Matt: Ohh.

Chris: We did not get 10 shikos in the last week. So in order to push this to the end, go ahead and get out there and here’s how you can connect with us: Facebook.com/

Matt: eWebResults

Chris: Twitter.com/

Matt: eWebResults

Chris: Instagram.com/

Matt: eWebResults

Chris: And if you want to connect with us on YouTube, you can go to eWebResults.com/

Matt: YouTube!

Chris: And then finally LinkedIn.com/Company/

Matt: Guess?

Chris: eWebResults. All of those will take you to our profiles on those platforms and then please shiko us while you’re there. We also need a review in order to kind of move this piece to the end. And we’re looking for reviews on Yelp, we’ve already got about–

Matt: No no no no no.

Chris: No? Oh, that’s right. Trustpilot. It’s easy to get to Trustpilot, all you have to do is go to eWebResults.com/

Matt: Trust

Chris: Trust, just that easy.

Matt: Trust

Chris: Trust us it’ll take you there, right? It’s pretty easy. If you’re looking for a we– free, or we website analysis–

Matt: Or weed. If you’re looking for weed…

Chris: You can get a wee website analysis by going to eWebResults.com and click the button there that says Free Website Analysis. And I just had kinda two pieces of news. I don’t know if you knew this, Dropbox I just kind of assumed it was a public company, and Javier was like, “Maybe– I thought they got bought out by Microsoft.” They had just an IPO. They say it’s the biggest IPO since Snapchat. They’re valuation kind of peaked at $10 billion for Dropbox. It’s a good service.

Matt: Yeah.

Chris: Like they really do a good job.

Matt: I got another piece of news.

Chris: Yeah.

Matt: So Google–

Chris: Google.

Matt: In their infinite wisdom.

Chris: Right.

Matt: In the next I think it’s 15 months, if you don’t have an active AdWords account that you’re paying them money, they’re gonna deactivate you.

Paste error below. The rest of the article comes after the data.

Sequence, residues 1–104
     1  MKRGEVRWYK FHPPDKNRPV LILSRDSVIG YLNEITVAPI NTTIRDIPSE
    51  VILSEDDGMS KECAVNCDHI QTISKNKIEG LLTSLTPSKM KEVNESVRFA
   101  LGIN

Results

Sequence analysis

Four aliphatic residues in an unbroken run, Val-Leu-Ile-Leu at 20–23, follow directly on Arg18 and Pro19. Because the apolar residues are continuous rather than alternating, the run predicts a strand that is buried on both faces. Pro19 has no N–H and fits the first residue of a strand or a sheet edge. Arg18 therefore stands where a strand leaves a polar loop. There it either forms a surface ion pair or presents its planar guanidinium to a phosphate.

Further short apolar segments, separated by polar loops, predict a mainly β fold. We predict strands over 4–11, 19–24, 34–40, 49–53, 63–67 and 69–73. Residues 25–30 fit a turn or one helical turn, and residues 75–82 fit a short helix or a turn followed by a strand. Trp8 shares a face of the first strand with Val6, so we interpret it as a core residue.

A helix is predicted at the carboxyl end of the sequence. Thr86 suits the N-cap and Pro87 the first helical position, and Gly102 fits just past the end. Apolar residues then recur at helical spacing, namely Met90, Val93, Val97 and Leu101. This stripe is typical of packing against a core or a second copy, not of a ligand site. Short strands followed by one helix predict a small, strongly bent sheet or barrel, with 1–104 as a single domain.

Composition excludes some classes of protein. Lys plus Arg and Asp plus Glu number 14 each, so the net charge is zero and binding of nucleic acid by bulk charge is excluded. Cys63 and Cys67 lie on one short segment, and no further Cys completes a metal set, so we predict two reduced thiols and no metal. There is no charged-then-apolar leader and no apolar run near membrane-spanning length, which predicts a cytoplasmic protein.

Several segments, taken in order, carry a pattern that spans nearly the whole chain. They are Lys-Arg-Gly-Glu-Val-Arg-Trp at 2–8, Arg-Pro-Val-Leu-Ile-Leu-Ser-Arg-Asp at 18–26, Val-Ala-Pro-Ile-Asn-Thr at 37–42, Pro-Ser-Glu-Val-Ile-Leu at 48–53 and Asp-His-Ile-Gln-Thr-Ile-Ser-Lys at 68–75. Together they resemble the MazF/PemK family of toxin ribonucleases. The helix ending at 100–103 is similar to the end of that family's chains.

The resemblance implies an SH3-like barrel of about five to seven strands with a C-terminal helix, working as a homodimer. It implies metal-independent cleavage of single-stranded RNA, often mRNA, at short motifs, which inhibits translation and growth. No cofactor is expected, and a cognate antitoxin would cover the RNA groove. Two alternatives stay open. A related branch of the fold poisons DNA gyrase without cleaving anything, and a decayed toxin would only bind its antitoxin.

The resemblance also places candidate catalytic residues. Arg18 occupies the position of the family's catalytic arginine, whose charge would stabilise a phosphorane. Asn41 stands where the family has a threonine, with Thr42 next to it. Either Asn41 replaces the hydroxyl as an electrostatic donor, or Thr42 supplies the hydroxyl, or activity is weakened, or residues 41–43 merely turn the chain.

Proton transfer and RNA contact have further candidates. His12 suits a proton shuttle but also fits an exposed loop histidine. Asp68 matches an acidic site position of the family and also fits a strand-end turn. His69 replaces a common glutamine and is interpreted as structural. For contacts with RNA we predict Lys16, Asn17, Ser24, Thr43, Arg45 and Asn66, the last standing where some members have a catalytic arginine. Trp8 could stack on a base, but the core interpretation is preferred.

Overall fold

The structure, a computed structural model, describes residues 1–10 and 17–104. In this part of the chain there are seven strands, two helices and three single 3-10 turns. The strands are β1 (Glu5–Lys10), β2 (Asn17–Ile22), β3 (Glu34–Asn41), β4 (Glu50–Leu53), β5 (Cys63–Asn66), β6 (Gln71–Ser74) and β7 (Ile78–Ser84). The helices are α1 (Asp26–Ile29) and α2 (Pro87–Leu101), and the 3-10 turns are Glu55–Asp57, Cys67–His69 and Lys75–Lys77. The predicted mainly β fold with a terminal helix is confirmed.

Chris: They’re going to– so not deleted but deactivated it, or something?

Matt: Actually– it might be delete actually.

Chris: Right.

Matt: It might be delete. Like basically I have fear for some clients that haven’t paused or whatever, that their data’s just gonna be gone. Now I mean a lot of the clients we have are seasonal, but if you have an AdWords account there, you got a bunch of data in there–

Chris: Export it.

Matt: Yeah, I believe they said deactivate, but I wouldn’t put it past it–

Chris: What’s the difference? Like what’s the difference?

Matt: I wouldn’t put it past them to delete it.

Chris: Why make a big warning that they’re just gonna mothball it if you can still get to it?

Matt: To turn it off?

Chris: You need a big warning because you’re not gonna be able to get to it. So make sure you kind of–

Matt: That’s what was implied to me, I don’t know the terminology.

Chris: Yeah. I thought this was pretty cool, I was reading some article. Elon Musk, right? Of Tesla Fame. He gave free repairs to a Tesla driver. So this was in England, and you know in England on the– I think in Europe on the–

Matt: Autobahn.

Chris: It’s not the Autobahn in England, right? ‘cause that’s a German phrase.

Matt: Oh yeah. Yeah, yeah.

Chris: And I was pretty sure it was England, it could’ve been Germany. Anyway, so on a really fast freeway over in Europe somewhere.

Matt: I like it.

Chris: A guy who’s driving a Tesla sees this car in front of him like bouncing against the divider and realizes that the guy’s unconscious.

Matt: Oh my gosh.

Chris: So he zoomed around and they actually made a big whoop-de-doo by the fact that he passed him on the right ‘cause over in Europe passing on the right – unlike here in the states – is forboden. Like people are very leery about passing on the right. So he passed on the right, got in front and then slowed both vehicles down with his Tesla. When Elon Must saw this on a tweet, he sent another tweet saying, “Hey, we’re gonna pay for the damages on your car.”

Matt: That’s very cool.

Chris: Smart! Great marketing and just like good to do.

Matt: Yes, that’s a good–

Chris: You know, you wanna feel like it’s not just great marketing, that it’s actually you know, a cool dude who cares, yeah.

Matt: No, he does care. He’s a cool guy, I mean all the stuff he’s doing with Space X. I mean he’s talking about mining asteroids and Mars and all that kind of stuff.

Chris: He’s not a small thinker.

Matt: Yeah, no.

Chris: He is not a small thinker.

Matt: No, he’s just a good guy.

Chris: Yeah absolutely. Alright, so let’s jump into this article. This is 12 SEO Tips for Large E-commerce Websites, again by Jessie Moore.

Matt: Okay.

Chris: “With more pages than you can even get your head around and issues like product variants, complex filtering systems and expired products, SEO for ecommerce sites requires a different kind of SEO strategy.” And then this is tips, these are 12 tips for SEO large e-commerce sites, SEO tips. Number #1.

Matt: Number #1.